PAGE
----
“There is a case to be made for owning gold, but it speaks in a whisper, not in the shouts of doomsday so customary among gold bugs. Because gold, unlike stocks, bonds, real estate and other financial assets, generates no income, valuing it is all but impossible.”
Why would gold generate income? It’s just a piece of metal. It has no risk of bankruptcy, no counterparty risk, no redemption risk. The only risk I can think of (apart from theft / fire) is that a large meteorite full of gold crashes on earth. Gold is not supposed to generate income. It’s just supposed to exist. Chemical inertia makes it durable for thousands of years. That is all it does.
The Euro-zone (and Switzerland) have played with negative interest rates. If you had a large deposit, the bank would not credit interest, but take something away. Doesn’t that make gold look favorable? Depositors in Cyprus or Greece would probably have been very happy owning some gold instead of having their Euros locked-up or confiscated in their banking systems (without any of their own fault).
I agree on the valuation part. It is not easy. There are some models (based on real interest rates), but I will skip them here.
Back to Zweig:
“Gold is two things, neither of which is easy to price: a commodity and a currency. First, the commodity: At recent prices, mining companies are losing money on more than an eighth of the gold they dig out of the ground, says Ms. Cooper of Barclays. That could lead to a decline in supply. And if demand—even from non-investment buyers like consumers in China or India—rises unexpectedly, there might not be enough gold to go around.”
According to a recent Bloomberg report, leading gold mining companies had the following all-in sustaining costs (AISC) per ounce in Q1 2015: Kinross $957, Barrick $927, Yamana $892, Goldcorp $885 and Newmont $849. Furthermore, gold mining companies sell part of production ahead of time via gold futures. So a depressed spot price takes time to work through their hedges. Anyway – why would an investor in physical gold care about the miners? And why would someone worry about ‘unexpected rise in demand’? The amount of gold ever mined is estimated to be between 160,000 and 185,000 tonnes. That gold still exists (it is never consumed). It is always there as potential supply. We will never run out of gold. It is just a question of price.
For investors in gold mining stocks, however, there is reason for concern. Based on credit default swap rates, the implied probability of default within a year for Barrick Gold is now 71%:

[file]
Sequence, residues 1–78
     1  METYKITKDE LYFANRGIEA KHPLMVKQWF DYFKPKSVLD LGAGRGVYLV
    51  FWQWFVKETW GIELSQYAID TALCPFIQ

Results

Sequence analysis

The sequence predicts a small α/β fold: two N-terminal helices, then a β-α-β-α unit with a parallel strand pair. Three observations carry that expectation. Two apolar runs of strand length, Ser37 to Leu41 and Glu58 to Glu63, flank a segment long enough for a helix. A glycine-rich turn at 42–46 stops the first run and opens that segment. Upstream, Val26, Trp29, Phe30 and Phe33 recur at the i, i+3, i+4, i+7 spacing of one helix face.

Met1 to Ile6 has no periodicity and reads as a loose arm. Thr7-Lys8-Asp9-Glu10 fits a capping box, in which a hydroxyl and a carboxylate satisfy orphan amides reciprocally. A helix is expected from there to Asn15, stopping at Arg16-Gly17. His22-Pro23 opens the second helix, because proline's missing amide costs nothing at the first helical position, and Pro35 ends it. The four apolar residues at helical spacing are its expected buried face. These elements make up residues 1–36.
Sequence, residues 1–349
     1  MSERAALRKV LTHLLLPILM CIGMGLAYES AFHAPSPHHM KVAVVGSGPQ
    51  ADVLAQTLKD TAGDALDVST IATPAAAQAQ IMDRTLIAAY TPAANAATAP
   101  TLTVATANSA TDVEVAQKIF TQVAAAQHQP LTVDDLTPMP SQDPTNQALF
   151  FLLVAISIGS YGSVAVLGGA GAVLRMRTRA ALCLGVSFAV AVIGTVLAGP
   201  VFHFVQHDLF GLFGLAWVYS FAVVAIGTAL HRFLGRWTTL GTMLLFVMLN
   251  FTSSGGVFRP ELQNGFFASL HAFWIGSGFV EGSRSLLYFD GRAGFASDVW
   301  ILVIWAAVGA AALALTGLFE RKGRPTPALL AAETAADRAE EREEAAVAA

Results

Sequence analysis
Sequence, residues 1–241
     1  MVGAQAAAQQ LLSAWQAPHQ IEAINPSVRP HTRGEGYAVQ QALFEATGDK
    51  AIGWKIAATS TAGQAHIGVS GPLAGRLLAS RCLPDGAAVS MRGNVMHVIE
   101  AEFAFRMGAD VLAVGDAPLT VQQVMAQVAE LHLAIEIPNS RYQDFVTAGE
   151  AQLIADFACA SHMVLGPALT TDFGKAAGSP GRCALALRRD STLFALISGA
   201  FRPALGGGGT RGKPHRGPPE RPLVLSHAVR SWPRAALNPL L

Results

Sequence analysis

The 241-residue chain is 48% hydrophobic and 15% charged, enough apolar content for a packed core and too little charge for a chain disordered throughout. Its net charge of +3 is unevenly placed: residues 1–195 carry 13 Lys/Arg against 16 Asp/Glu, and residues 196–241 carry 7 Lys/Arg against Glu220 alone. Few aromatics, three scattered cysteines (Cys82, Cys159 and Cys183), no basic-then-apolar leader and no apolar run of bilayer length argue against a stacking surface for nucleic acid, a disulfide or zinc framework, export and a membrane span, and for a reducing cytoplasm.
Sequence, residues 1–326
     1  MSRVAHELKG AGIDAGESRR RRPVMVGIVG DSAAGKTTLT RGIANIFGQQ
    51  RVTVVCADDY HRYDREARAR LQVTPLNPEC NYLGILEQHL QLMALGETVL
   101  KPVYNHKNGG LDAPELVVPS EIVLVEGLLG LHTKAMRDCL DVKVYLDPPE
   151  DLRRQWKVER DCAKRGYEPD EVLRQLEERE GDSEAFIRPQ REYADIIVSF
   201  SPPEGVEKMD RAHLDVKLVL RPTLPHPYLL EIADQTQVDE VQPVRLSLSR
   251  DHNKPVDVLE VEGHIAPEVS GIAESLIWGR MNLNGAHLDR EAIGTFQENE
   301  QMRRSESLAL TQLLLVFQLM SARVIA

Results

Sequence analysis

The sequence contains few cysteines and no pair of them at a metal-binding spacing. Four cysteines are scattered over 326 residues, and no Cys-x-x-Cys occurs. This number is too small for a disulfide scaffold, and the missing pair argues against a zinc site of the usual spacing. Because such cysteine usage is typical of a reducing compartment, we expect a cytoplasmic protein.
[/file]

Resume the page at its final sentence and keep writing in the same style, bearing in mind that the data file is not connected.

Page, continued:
The stock price (in Canadian Dollars, green line above) has declined by 80% since the peak. But the company is still worth US-$ 8.5bn. So before going bankrupt, the company would surely be able to raise money via a rights offering.
If gold remains around current levels, gold miners will have to write down the value of their resources (similar to oil companies) and possibly close some (high cost) mines, but those are mostly non-cash charges. Unless a company is forced to sell some mines or put itself up for sale, its shareholders will benefit once the gold price recovers. Owning a gold-mining ETF makes sure you own those companies able to acquire others on the cheap.
Back to Zweig:
“As a currency, gold has a latent and indeterminate value, Mr. Brodsky says. If the world goes to financial hell in a handbasket, you wouldn’t lug gold ingots to the supermarket so you could stock up on canned goods. But you might pay for those goods with dollars that are again backed with gold, as they were until 1971.”
Now Zweig has me confused. He cites Mr. Brodsky, describing a case where the dollar is again backed by gold. Why would that be the case? Because the current monetary system has collapsed! That is the whole point of gold – it’s the only way to regain the people’s confidence and introduce a new currency.
Zweig’s final paragraph:
“Laurens Swinkels, a senior researcher at Norges Bank Investment Management in Oslo, reckons that the total market value of the world’s financial assets at the end of 2014 was about $102.7 trillion. The World Gold Council estimates that the world’s total quantity of gold held for investment was about $1.4 trillion as of late 2014. So, if you held the same proportion of gold as the world’s investors as a whole, you would allocate 1.3% of your investment portfolio to it. Anything much above that is more than an act of faith; it is a leap in the dark. Not even gold’s glitter can change that.”
I have much more faith in the 1.3% allocated to gold than the 98.7% allocated to paper assets. To me, the current financial system is unsustainable and will probably need a reset within the next few years. Once a crisis hits, markets will move quickly. Possibly too quickly for many to act. As in Greece. One day, you were able to withdraw your entire savings. The next day, it was over.
I am absolutely convinced gold will again play a major role in the future. I know losses in gold- and silver mining companies have been steep, but you will be rewarded nicely for sitting tight. Nobody forces you to sell. Do not realize those losses by selling. On the contrary – I would recommend adding physical precious metals as well as mining companies at current prices.
Back one last time to Zweig. Here he is four years ago, writing on the same subject: